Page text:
Sen. John McCain (R-Ariz.) hands over the gavel to Rep. Mac Thornberry (R-Texas) at the start of an Armed Services conference committee meeting on the National Defense Authorization Act on Capitol Hill October 25. (Photo credit: Drew Angerer/Getty Images)In a press release later that day, Sen. John McCain (R-Ariz.) and Rep. Mac Thornberry (R-Texas), the chairmen of the armed services committees, welcomed the request, noting their committees “in fact…have already authorized many of these missile defense programs in our respective defense bills.”

The fiscal year 2018 National Defense Authorization Act, Congress’s defense policy bill, authorizes increased procurement of interceptors for currently deployed missile defense systems to address near-term threats while endorsing development of proposed boost-phase and space-based intercept capabilities that could require even more substantial spending in the future.

The supplemental request follows congressional approval in October for the transfer of $440 million in unspent fiscal year 2017 Army operations and maintenance funds to missile defense programs as the administration and Congress make expanding missile defenses a priority. (See ACT, October 2017.) The House overwhelmingly passed the compromise authorization bill on Nov. 14, and the Senate followed on Nov. 16, sending the bill to President Donald Trump for his signature.—MACLYN SENEAR

Posted: December 1, 2017

Ballistic Missile Defense: Proceed With Caution

The envisioned security benefits may be jeopardized if the process is driven primarily by technological advances and business interests and without adequate political vision and consideration of the implications for strategic stability.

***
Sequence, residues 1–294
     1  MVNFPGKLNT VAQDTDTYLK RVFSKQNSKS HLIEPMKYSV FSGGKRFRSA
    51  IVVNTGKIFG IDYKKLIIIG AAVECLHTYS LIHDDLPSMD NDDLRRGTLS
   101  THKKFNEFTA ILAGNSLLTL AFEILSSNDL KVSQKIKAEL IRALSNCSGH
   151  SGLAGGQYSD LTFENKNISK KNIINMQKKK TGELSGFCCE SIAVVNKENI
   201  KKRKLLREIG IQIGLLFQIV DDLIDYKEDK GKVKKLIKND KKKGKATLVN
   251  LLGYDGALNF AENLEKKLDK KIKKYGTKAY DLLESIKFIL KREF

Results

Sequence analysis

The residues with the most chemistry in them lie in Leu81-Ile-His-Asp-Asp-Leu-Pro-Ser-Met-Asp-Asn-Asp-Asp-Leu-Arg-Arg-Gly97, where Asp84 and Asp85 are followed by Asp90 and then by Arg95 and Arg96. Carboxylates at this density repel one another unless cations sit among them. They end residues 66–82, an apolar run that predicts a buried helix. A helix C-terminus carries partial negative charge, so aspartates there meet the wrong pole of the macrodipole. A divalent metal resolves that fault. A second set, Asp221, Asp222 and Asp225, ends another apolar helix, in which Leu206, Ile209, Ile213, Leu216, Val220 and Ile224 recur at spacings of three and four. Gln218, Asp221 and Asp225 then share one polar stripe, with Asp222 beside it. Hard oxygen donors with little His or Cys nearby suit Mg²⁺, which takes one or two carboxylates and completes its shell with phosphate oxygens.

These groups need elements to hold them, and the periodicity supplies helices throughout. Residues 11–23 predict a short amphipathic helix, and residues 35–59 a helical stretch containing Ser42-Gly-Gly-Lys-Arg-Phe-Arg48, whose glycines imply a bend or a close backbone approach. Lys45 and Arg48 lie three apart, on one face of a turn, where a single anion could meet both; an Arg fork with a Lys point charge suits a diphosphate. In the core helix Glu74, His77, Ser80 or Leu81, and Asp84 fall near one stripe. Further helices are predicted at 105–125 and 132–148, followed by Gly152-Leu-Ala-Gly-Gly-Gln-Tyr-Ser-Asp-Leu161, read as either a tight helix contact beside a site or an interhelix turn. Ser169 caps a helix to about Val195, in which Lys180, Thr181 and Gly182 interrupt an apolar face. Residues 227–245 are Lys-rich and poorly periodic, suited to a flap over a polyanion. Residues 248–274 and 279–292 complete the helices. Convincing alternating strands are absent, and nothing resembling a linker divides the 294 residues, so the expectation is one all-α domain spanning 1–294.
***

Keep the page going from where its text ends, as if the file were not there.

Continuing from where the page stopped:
November 2017
By Boris Toucas

The ballistic missile defense review underway by the Trump administration may end years of shifting approaches and decisively strengthen programs that have experienced ups and downs since the 1990s.

A medium-range ballistic missile target is launched from the Pacific Missile Range Facility on Kauai, Hawaii, during a test August 29. The target was successfully intercepted by SM-6 missiles fired from the Arleigh Burke-class guided-missile destroyer USS John Paul Jones.  (Photo credit: U.S. Missile Defense Agency)Incrementally, missile defenses, despite current technical limitations, haves acquired a genuine operational dimension for military planners and political leaders. Going forward, technological advances and business interests will make increased spending on such programs appealing, accelerating the development of systems designed to counter advanced offensive arsenals. The missile defense revolution may be taking shape slowly, but it is almost inevitable.

The aim is to enhance the overall security of the United States and its allies in a world of increasing ballistic missile threats. Yet, that appealing goal may be jeopardized if the process is driven primarily by technological advances and business interests and without adequate political vision and consideration of the implications for strategic stability. Absent such safeguards, this evolution may lead to increased strategic instability as other countries seek to counter U.S. developments. Alternatively, ensuring meaningful political oversight in the United States and encouraging other countries to join in regulatory efforts would guarantee that the overall security contribution remains positive.